Volunteers clean up storm hit beaches

Terry Liddiard is a regular with Beach Buddies

Terry Liddiard is a regular with Beach Buddies

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Volunteers have transformed two of the island’s beaches which were badly affected by the storms earlier this year, with a record-breaking number of bags of rubbish removed from the Point of Ayre and Fisher’s Hill.

A total of 70 different volunteers for Beach Buddies gathered thousands of items from the two areas – mostly plastic bottles, ropes, fishing gear and lobster pots.

‘These two areas were a real eyesore, but we have left them spotless,’ said Beach Buddies organiser Bill Dale. ‘Our volunteers this last two weekends have been absolutely fantastic. There is currently a tremendous public spirit behind beach cleaning, and the results of their efforts are clear to see.

‘Anyone who drives down Fisher’s Hill and along the coast towards Port St Mary cannot fail to see the difference and how much better this area now looks. It was a wonderful team effort and I cannot speak highly enough of all the volunteers. Absolutely brilliant.’

A total of 24 volunteers, including a number of new faces, tackled the north eastern section of the Point of Ayre on Saturday, collecting 49 bags of rubbish, much of it plastic bottles and huge quantities of polystyrene.

On Sunday morning, a group of 45 volunteers - mostly residents from the south - arrived at the bottom of Fisher’s Hill to remove the huge amounts of debris which had gathered following the February storms. A total of 72 bags of rubbish were collected, together with an equal volume of plastic barrels, and large amounts of ropes and fishing equipment.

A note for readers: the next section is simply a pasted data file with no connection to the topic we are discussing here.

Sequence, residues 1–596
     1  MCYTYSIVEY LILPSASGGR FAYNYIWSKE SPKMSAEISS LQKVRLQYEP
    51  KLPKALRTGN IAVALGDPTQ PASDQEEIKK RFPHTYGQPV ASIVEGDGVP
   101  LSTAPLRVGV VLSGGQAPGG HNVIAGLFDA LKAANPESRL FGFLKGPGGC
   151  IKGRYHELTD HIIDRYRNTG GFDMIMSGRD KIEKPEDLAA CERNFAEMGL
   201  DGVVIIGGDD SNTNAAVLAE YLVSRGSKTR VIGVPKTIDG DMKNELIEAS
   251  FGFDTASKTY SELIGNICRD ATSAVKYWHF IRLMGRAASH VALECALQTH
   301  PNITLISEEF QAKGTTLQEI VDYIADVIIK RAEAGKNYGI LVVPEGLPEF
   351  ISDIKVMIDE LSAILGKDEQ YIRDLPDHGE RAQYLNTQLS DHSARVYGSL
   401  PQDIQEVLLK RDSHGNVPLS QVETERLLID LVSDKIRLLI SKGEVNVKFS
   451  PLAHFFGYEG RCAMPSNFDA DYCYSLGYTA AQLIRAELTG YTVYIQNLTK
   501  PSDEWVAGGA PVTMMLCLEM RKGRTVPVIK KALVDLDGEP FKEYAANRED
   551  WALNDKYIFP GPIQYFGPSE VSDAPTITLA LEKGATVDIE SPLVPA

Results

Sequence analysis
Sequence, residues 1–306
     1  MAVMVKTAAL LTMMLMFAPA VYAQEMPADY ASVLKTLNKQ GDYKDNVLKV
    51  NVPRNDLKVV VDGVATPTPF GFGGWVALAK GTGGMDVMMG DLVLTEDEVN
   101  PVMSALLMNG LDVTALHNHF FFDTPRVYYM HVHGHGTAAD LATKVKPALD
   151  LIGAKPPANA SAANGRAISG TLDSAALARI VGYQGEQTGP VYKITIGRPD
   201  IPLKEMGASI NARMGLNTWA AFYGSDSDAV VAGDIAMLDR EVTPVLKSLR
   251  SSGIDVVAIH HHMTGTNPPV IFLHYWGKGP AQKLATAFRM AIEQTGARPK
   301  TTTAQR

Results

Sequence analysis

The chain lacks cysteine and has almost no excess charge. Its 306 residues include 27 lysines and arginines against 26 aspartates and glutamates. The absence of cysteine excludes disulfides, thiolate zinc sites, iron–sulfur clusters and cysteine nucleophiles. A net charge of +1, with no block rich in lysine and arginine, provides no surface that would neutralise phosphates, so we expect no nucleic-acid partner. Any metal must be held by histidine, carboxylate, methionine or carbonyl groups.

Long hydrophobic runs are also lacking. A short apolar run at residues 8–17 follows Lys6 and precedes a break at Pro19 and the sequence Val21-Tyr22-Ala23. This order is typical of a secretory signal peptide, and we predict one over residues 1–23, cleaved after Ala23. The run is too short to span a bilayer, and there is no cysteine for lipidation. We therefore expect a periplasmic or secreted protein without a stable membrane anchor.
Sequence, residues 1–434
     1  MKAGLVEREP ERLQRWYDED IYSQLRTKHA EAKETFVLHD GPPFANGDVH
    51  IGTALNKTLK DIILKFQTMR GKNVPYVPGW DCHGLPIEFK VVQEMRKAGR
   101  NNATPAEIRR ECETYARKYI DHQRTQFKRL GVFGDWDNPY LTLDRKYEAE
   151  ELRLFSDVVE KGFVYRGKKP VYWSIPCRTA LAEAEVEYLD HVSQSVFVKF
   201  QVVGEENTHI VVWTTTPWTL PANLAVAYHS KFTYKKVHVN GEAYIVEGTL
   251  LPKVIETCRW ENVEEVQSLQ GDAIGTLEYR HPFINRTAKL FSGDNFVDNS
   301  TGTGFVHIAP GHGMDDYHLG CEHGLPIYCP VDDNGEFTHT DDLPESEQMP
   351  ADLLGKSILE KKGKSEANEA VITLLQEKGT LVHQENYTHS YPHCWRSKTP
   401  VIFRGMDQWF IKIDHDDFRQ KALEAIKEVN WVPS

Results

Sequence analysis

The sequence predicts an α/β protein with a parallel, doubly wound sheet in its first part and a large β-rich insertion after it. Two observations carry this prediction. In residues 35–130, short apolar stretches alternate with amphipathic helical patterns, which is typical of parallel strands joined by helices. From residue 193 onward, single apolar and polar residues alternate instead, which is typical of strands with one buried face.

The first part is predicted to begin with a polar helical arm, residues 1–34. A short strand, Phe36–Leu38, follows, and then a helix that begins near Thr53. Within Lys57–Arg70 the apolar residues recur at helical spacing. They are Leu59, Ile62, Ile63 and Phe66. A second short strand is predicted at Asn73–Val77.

Sunday’s session was the biggest ever turn-out of volunteers for Beach Buddies, including many new faces taking part for the first time. It was also a record-breaking day, with more bags collected in one session than in the seven and a half years since Beach Buddies was founded in 2006.

One volunteer – David Leiserach – also collected rubbish in a personal blitz on Fleshwick, removing nine bags of debris, plus numerous items of fishing gear.

Compared to the first two months of 2013, this year’s beach cleaning sessions have resulted in more than twice the amount of rubbish being collected, with 50 per cent more volunteers getting involved. Just over half way through the month, the figures for March are already double the amount of 2013.

Beach cleaning sessions organised by Beach Buddies have been doubled in the past few weeks, to tackle the extraordinary amounts of rubbish which have been witnessed due to the recent storms. Volunteers have the choice of attending sessions in the south or north, on Saturday or Sunday mornings.

‘Many new volunteers have become involved during 2104 - a statistic warmly welcomed by Beach Buddies. ‘Anyone can get involved, no matter what age, even if it’s just to collect a small bag of rubbish on their own when walking the dog on the beach,’ added Mr Dale. ‘Every single piece of rubbish collected makes a difference to the environment and protects wildlife, right down to the smallest piece of plastic.’

l To get involved in beach cleaning with Beach Buddies, join the Facebook group Beach Buddies Isle of Man, or register for news and updates by email on beachbuddies@manx.net

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